How, When, Why to Prune Fruit Trees

Many people love the idea of having fresh fruit growing in their backyard orchard. For the experienced, maintaining their labor of love is easy. For the inexperienced, they soon realize it’s something more like love to labor.

It’s like raising a child – there are years of training, shaping them for their development, all while warding off pests and diseases that will shorten their lifespan. This work hopefully leads to something that bears good fruit.

Well, maybe raising a child doesn’t require pruning off limbs, thinning out the insides and heading from time to time (although sometimes we’re tempted…….). But your trees do.

So, let’s talk about the basics. Winter is usually the preferred time to trim, as you are priming the tree for spring growth. You can trim during the growth season but remember that could possibly reduce fruit development along with opening up the tree to outside pests and diseases.

Step One: Cleaning up the tree

  • Start with the Three D’s – dead, diseased, and damaged.
  • When pruning, don’t leave stubs. Prune back to the branch collar.
  • Starting at the bottom of the tree, remove ‘suckers’ that are growing at the base.
  • Thin the interior, looking for long, vertical, straight limbs – those are ‘water sprouts’.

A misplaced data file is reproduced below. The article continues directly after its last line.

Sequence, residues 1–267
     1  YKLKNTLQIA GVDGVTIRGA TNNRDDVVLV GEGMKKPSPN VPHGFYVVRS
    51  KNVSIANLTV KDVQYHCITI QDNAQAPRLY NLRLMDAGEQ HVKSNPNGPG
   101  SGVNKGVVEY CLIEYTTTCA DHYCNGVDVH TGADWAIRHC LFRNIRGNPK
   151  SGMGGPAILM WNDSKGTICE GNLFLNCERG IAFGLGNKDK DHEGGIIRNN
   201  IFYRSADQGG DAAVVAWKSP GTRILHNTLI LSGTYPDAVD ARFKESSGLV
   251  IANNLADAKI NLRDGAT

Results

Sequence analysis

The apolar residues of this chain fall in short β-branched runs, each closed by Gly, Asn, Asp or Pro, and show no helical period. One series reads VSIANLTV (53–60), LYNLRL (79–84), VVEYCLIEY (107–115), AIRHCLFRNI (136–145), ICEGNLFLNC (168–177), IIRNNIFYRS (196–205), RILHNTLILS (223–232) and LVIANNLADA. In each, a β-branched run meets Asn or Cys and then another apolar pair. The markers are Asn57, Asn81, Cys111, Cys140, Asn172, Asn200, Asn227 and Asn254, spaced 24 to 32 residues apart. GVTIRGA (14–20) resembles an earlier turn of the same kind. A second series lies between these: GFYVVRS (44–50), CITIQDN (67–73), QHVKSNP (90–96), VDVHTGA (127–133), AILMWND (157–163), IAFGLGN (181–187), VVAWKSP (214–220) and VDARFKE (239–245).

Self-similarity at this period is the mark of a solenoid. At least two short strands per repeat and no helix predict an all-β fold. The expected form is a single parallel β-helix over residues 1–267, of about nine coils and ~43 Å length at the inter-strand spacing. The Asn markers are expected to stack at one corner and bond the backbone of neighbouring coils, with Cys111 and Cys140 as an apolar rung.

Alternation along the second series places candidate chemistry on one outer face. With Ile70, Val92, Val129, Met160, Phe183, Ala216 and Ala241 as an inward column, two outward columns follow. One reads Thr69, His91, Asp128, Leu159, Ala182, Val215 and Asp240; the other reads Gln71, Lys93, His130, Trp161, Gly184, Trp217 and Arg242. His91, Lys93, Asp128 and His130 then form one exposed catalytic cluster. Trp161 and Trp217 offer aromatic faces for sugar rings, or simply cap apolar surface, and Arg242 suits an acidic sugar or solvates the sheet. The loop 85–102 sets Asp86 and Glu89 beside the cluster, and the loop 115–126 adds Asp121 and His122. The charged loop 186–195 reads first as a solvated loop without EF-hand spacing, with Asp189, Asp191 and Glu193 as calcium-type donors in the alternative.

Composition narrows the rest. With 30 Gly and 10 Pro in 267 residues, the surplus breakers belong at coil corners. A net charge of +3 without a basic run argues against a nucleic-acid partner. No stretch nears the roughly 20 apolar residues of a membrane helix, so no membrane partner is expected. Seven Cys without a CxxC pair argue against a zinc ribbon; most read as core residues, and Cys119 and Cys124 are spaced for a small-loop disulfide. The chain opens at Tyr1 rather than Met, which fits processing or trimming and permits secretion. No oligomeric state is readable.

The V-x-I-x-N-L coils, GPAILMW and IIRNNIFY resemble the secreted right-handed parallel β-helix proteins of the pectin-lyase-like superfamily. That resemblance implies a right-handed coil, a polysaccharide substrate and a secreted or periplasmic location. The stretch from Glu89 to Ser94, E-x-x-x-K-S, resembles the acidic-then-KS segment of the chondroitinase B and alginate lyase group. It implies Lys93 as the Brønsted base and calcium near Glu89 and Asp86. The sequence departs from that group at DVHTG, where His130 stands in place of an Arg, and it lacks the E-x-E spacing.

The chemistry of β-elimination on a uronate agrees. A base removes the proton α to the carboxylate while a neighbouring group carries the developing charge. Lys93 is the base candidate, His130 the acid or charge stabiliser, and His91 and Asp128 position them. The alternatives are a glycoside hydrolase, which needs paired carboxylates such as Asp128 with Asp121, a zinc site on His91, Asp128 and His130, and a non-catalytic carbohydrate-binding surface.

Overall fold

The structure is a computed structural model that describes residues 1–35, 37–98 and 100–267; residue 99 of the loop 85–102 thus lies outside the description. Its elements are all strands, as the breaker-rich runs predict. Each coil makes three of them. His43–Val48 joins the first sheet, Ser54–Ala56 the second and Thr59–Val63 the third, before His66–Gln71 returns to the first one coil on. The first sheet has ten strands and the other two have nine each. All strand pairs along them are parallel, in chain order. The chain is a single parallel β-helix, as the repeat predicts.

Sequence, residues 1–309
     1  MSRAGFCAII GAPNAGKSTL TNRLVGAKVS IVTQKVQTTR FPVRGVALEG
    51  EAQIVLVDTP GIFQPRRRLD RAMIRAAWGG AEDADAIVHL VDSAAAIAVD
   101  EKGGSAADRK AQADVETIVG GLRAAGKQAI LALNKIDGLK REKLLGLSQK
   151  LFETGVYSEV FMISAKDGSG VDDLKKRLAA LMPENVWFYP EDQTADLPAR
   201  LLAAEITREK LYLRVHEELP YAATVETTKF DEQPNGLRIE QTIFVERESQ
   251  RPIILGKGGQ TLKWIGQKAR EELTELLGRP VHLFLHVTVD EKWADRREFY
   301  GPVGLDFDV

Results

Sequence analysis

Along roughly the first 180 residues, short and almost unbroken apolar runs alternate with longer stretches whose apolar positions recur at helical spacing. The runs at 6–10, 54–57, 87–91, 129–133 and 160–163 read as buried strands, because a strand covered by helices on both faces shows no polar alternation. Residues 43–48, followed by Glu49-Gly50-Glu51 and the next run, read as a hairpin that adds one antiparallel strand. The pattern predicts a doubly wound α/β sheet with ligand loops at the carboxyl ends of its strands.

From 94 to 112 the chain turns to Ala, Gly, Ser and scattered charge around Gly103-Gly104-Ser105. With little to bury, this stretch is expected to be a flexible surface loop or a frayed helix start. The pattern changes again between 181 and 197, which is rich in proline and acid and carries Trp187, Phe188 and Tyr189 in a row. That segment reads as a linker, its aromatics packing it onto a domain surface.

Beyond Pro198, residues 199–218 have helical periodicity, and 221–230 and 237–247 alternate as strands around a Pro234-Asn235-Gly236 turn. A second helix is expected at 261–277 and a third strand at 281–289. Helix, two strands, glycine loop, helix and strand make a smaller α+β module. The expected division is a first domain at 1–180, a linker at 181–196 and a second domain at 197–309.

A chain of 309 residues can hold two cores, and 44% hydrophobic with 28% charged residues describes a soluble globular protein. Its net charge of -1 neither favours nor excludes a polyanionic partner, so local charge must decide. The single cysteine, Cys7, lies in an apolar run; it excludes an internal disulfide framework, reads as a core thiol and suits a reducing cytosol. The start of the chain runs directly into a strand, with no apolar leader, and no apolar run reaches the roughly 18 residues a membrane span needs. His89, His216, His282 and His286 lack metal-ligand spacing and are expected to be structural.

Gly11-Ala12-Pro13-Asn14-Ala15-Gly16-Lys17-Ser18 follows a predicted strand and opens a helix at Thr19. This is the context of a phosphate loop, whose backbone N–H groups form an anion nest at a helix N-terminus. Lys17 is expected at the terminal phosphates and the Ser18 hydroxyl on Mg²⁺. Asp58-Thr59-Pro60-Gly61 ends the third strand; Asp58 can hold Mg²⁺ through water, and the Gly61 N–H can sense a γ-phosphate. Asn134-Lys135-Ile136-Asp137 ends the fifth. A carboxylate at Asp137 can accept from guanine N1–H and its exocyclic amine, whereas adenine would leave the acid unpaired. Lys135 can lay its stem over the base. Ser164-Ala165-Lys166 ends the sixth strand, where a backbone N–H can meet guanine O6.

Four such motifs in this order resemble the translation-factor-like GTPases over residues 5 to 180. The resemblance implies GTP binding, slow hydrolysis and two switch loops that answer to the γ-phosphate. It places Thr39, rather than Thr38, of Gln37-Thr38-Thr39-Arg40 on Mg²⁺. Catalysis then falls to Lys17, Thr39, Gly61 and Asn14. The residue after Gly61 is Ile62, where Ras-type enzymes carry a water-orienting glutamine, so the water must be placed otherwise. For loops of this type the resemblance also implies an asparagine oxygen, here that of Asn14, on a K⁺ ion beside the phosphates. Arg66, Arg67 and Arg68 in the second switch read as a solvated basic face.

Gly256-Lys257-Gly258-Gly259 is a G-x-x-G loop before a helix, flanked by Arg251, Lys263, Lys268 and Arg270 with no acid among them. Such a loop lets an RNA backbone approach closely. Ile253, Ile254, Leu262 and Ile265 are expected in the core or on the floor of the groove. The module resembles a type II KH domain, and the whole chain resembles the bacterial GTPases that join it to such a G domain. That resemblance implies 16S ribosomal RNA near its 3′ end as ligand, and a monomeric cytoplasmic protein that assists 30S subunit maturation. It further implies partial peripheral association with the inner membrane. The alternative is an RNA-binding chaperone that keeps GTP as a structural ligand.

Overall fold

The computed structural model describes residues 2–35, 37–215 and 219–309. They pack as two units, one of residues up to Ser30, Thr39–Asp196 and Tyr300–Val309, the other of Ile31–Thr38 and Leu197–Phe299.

Step Two: Thinning out the interior

  • Remove any limbs that are growing toward the interior, crossing other limbs or downward.
  • Remove limbs that have an angle greater than 45 degrees in relation to the limb it’s attached to. The greater the angle, the higher the risk of limb failure under the weight of fruit. Think of a clock face – anything between 10 and 2 is ideal.

Step Three: Heading back the crown

  • Your fruit tree is NOT a shade tree. A tall and wide canopy is not what you need, nor want. You want a canopy height that allows for the safe harvesting of the fruit. If you have a more mature tree that requires the use of a ladder, be careful. Gravity sucks, and it’s not the fall that hurts – it’s the sudden stop.
  • Reduce the height of the crown, heading off 20-35% of last year’s growth, pruning back to an established limb, or better yet, a bud that faces the direction you want a limb to develop.

Think you’re done? Not quite.

Make sure you dispose of all the cuttings to ensure that any diseases that they might contain do not linger around the property. And speaking of diseases – treat your tools in a solution of isopropyl alcohol before moving onto another tree.

And consider using dormant oil. It is a non-toxic spray, applied via a pump sprayer that helps control insects such as scale and mite that can damage the tree. Generally, it is applied in late winter/early spring, but follow the MSDS label for application information.

Not sure if you want to tackle the job? Call one of our certified arborists if you live in our service area. They will know the ins and outs of trimming your trees, whether they fruit or not. They are trained in tree pruning to ANSI standards.

Once you master this, you’ll not look at the trees as next year’s firewood but as this year’s bounty.

Remember the rule when picking – two for the bucket, one for the mouth.

Bon appetite!